You need to understand local building codes and regulations related to EV charging infrastructure to ensure compliance and obtain any necessary permits. Many local building codes require minimum numbers of EV charging or “EV ready” spaces (i.e. spaces that could have EVSE connected to them without additional infrastructural upgrades) in parking areas. If you're going through the work of installing EVSE, you should make sure you’re up to code and future-proofed against coming regulations.  


Consider providing proper lighting and surveillance cameras around the charging stations to enhance visibility and security. Remember, drivers will have to stand facing the charging station while they pay. Doing that alone at night can be unnerving enough to avoid entirely if the environment is poorly lit and isolated. Additionally, make sure that the chargers are accessible to all users, including individuals with disabilities.


Ideally charging stations will blend seamlessly with the existing surroundings and, if anything, add to the overall visual appeal of your parking lot. Adding signage, greenery, shade structures create an inviting environment for EV drivers.


3. Estimate charging demand and usage patterns 

With EV adoption growing as quickly as it is, it can be tricky to estimate demand for your site. Especially if you’re installing public chargers, demand in 2023 is bound to be lower than demand in 2026 or 2030. Use the Enel X Way App to locate nearby chargers and this interactive map to see charging station density by county. For a broader picture of trends, the US Department of Energy has this state-by-state breakdown of EV registrations over time. It’s an excellent snapshot, though the data lags by at least a year.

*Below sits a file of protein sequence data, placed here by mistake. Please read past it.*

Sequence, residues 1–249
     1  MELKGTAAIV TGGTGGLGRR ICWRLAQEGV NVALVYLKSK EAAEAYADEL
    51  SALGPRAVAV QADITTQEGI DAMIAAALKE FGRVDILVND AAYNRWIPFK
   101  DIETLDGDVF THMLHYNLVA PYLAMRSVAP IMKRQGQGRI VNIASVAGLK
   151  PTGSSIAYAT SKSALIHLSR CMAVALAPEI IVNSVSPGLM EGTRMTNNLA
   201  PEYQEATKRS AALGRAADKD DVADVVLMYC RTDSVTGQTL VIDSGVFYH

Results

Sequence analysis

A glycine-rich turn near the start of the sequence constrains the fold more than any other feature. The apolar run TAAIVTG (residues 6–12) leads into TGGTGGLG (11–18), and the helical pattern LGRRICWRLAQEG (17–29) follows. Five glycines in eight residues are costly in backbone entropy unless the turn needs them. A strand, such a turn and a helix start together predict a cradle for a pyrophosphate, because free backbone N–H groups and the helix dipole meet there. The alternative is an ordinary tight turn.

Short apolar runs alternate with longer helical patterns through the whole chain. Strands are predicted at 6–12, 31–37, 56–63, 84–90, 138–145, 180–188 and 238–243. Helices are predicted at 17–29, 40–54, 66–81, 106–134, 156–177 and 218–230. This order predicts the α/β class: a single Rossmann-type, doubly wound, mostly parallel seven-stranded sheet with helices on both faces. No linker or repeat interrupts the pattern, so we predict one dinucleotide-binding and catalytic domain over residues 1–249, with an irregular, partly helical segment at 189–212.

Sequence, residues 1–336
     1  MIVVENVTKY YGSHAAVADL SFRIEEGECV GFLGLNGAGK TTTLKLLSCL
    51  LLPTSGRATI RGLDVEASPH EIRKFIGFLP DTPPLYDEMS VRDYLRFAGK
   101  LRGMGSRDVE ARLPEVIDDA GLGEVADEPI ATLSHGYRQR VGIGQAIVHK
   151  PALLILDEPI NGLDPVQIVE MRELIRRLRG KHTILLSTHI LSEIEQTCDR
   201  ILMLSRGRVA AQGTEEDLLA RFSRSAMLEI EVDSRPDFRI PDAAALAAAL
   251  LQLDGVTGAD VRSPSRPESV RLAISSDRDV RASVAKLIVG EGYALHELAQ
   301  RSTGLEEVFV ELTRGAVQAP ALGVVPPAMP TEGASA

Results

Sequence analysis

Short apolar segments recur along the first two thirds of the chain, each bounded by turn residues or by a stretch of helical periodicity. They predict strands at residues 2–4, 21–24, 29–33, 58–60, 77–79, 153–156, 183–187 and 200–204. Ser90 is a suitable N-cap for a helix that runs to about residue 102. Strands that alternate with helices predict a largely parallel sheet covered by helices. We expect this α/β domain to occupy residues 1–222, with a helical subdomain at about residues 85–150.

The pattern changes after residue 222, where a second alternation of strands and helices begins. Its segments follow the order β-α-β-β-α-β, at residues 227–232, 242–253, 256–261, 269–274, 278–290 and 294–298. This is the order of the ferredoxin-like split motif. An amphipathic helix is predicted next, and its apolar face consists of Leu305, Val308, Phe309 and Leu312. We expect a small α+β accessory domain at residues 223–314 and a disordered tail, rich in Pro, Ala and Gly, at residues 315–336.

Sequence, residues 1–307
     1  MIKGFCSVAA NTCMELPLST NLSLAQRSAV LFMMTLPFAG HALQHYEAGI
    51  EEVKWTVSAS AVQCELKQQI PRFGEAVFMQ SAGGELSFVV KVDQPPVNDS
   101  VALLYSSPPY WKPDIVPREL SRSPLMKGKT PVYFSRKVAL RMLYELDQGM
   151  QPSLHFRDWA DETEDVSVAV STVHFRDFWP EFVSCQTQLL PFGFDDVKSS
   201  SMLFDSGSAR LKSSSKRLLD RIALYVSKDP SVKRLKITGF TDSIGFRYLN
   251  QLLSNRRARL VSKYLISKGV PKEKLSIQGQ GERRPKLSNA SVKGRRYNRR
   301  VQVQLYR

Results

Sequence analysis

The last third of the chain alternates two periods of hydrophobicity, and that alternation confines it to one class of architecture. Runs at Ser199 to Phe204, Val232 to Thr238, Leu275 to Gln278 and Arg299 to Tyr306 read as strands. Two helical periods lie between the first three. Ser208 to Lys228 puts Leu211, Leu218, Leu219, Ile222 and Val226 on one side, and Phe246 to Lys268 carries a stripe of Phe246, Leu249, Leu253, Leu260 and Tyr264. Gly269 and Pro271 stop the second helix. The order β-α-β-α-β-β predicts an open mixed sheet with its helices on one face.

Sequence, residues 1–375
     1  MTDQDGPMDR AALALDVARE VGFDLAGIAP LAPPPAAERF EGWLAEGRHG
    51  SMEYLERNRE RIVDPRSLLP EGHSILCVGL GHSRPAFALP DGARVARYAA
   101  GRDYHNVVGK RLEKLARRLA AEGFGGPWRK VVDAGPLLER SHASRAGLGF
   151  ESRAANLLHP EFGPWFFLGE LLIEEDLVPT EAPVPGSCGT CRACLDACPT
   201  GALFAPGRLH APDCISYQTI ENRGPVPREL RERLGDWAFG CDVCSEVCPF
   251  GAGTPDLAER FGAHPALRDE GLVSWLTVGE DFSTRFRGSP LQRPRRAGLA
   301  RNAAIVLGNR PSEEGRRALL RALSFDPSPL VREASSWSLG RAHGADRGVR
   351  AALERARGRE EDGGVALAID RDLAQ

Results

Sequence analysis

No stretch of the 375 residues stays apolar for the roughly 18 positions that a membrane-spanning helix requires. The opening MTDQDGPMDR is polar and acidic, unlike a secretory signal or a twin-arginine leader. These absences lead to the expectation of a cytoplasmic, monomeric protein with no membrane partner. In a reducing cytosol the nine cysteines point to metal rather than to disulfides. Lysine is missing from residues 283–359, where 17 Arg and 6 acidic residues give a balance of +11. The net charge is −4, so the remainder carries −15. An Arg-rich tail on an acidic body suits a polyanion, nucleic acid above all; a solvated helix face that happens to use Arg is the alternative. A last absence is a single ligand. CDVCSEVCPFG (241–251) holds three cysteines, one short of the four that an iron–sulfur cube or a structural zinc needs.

Together those will give you some sense of what demand to expect. You might also want to conduct surveys or seek published data on the charging needs of your target audience. 


Demand is half the equation; the other half is when the EVSE will be used. While the market or your business needs dictate much of this, how and where you place your chargers have a role to play. 


If your chargers are for public use, consider the usage patterns of your customers. How long do they typically park their vehicles on your property, and how long do you want them to be there (i.e. target dwell time)? Here are a few examples:


  1. A convenience store owner is looking to add EVs to drive charging revenue and in-store purchases. Most customers spend three to five minutes at the store while pumping gas. They want to increase dwell time to 10 minutes, but worry that requiring customers to stay longer would discourage them from stopping. 350 kW DC fast chargers like the JuicePump 350 kW are the right option here. 

  2. A grocery store operations manager wants to use free public charging as a competitive edge over other grocery stores in the neighborhood. With such low margins, traffic volume is critical to their business. As is dwell time: the longer customers spend in the store, the more they spend. Level 2 smart chargers like the JuiceBox 32, which could replenish a day’s worth of commuting to and from work in an hour, are perfect in this instance.

  3. A property manager for an urban public parking garage that primarily caters to the office buildings, shops and restaurants around it wants to add paid public chargers to increase revenue, meeting customers where they are rather than trying to change behavior. Customers average a three hour dwell time, but times range significantly, from 30 minutes to 12 hours. A combination of DC fast chargers and Level 2 chargers will deliver the most flexibility to customers and allow them to keep charging payments flowing in. 


4. Bring it all together